Response to endocrine therapy in breast cancer correlates with estrogen receptor (ER) and progesterone receptor (PR) status. It was originally hypothesized that the ability of PR to predict response to endocrine therapy was due to the fact that PR is an estrogen-regulated gene and that its levels represented a marker of functional ER activity. However, it is now known that loss of PR can occur via multiple mechanisms, many of which do not include ER function, e.g., hypermethylation of the PR promoter and loss of heterozygosity of the PR gene. We have shown that growth factor signaling pathways can directly down-regulate PR levels via the phosphatidylinositol 3′-kinase (PI3K)/Akt/mTOR pathway, and that this can occur independent of ER. For example, overexpression of myr-Akt in MCF-7 cells causes complete loss of PR protein and mRNA but does not reduce ER levels or activity, thus generating ER+/PR- MCF-7 cells. Therefore, the absence of PR may not simply reflect a lack of ER activity but rather may reflect hyperactive cross-talk between ER and growth factor signaling pathways. Consistent with this hypothesis, several recent clinical studies have found that ER+/PR- breast cancers overexpress human epidermal growth factor receptor (HER) 1 and HER2 compared with ER+/PR+ breast cancers. Although HER receptors can lower ER levels, one study showed that loss of PR correlated with high HER2 levels in a multivariate analysis. Furthermore, loss of PTEN, a negative regulator of the PI3K/Akt signaling pathway, has been shown to be associated with specific loss of PR and no change in ER levels. Given the well-recognized resistance of ER+/PR- breast cancer to antiestrogens, more studies are needed to better understand the etiology of ER+/PR- breast cancer, particularly the analysis of other growth factor receptors and their downstream signaling intermediates with respect to PR status.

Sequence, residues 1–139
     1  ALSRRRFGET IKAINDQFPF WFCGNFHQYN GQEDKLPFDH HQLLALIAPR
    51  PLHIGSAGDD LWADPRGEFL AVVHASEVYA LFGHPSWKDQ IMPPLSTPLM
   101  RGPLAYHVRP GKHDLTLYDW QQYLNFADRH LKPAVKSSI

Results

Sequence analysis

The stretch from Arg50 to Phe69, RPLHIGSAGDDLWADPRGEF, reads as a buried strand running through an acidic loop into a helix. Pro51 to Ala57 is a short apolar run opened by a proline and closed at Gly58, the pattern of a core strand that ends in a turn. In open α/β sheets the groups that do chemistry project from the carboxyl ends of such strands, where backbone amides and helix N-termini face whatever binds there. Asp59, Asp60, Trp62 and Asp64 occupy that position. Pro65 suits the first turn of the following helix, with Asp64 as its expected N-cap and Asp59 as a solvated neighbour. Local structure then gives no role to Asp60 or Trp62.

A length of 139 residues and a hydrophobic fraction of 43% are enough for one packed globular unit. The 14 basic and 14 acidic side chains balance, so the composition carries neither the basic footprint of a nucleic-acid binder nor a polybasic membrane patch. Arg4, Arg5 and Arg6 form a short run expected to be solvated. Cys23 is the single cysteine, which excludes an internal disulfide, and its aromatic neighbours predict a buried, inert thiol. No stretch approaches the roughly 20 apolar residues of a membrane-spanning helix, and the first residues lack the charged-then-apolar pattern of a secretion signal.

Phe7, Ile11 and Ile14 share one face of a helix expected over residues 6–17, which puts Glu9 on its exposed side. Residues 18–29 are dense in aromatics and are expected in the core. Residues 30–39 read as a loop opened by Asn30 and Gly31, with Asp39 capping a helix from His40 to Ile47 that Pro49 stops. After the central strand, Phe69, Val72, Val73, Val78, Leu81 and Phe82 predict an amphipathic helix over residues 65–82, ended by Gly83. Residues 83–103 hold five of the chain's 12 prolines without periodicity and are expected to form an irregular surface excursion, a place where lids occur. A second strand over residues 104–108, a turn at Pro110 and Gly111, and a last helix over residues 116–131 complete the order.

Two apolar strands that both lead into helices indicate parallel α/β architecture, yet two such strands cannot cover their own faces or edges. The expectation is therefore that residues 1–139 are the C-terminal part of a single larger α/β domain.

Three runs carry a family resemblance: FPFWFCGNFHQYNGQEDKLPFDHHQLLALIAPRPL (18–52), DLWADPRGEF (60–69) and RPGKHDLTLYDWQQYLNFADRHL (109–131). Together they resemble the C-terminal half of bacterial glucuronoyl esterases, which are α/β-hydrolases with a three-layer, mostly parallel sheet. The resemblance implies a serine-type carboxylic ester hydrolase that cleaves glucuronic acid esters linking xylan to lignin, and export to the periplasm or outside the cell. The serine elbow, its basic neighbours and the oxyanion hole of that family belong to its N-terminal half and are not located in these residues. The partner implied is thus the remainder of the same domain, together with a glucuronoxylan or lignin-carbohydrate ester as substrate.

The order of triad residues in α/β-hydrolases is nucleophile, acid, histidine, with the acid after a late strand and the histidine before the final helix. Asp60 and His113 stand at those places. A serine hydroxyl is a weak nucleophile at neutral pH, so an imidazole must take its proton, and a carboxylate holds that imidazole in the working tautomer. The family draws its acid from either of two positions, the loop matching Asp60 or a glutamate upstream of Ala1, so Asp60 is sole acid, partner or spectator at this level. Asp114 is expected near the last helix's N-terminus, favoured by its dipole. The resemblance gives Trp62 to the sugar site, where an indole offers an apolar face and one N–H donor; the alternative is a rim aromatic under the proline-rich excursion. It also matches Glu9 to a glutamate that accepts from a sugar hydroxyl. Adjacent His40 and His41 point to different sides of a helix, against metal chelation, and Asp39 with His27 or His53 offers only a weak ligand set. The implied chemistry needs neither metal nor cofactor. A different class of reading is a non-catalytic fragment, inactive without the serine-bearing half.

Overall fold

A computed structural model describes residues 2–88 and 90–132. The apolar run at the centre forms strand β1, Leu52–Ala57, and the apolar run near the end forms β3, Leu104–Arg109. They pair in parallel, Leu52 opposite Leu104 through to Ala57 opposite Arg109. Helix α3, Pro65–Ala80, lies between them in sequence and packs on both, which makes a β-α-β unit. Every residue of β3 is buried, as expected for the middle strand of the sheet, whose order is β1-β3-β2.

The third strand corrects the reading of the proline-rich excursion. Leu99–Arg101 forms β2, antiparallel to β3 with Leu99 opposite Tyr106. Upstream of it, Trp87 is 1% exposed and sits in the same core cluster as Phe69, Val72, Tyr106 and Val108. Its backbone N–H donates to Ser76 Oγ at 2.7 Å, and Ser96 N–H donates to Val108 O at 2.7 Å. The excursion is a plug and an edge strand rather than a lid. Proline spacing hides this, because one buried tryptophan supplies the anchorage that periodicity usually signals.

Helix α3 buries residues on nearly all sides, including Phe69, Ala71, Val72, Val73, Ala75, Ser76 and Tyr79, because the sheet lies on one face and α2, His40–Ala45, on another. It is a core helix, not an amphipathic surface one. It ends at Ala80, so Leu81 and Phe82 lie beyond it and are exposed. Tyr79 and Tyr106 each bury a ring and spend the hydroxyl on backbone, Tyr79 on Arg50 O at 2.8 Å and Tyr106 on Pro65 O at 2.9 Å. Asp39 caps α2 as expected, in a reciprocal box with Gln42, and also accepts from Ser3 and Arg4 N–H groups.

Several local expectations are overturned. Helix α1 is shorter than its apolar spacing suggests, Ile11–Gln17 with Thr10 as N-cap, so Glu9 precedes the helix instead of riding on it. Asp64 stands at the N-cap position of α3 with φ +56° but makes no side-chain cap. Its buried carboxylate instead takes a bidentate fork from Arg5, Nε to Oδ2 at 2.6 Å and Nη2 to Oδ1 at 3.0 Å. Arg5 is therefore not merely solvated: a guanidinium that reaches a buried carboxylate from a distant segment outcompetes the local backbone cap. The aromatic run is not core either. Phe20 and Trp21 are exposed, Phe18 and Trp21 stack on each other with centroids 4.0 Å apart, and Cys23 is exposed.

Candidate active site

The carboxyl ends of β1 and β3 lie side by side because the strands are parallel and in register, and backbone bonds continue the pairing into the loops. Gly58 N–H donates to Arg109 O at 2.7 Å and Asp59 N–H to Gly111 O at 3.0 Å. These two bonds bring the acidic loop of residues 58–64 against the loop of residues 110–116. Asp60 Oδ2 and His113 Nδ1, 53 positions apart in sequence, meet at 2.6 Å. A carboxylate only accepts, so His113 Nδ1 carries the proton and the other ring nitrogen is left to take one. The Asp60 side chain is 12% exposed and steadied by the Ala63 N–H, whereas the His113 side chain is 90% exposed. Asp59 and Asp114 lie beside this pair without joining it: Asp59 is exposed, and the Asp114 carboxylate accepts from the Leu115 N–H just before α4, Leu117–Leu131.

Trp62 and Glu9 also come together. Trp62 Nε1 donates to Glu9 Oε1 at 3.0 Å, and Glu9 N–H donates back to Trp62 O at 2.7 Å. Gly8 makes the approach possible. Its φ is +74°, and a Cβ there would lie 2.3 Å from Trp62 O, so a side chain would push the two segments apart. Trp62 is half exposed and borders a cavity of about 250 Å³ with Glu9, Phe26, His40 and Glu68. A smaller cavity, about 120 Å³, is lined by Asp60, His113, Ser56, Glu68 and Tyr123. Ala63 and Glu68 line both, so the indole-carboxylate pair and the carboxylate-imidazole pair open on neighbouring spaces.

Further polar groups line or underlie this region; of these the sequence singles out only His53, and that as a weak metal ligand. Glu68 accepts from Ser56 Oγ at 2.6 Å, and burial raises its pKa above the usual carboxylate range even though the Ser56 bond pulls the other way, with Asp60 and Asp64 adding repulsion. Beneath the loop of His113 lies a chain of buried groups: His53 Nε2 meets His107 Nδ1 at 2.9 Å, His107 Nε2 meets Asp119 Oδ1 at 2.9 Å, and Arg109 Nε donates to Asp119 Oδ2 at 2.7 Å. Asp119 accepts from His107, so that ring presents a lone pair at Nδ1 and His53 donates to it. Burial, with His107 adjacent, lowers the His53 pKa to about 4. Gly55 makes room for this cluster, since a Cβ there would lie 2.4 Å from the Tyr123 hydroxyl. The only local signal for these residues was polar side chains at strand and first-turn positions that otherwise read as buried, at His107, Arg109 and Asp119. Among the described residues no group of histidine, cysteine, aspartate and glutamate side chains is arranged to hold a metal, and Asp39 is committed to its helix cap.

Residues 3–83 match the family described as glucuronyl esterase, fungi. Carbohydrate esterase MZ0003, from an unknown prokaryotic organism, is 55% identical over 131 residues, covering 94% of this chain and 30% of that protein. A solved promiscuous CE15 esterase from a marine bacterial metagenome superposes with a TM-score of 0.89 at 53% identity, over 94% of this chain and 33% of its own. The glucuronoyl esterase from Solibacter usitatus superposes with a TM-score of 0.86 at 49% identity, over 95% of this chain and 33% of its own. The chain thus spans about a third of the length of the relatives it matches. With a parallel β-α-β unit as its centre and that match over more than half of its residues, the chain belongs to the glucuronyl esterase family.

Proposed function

ASJC Scopus subject areas
- Cancer Research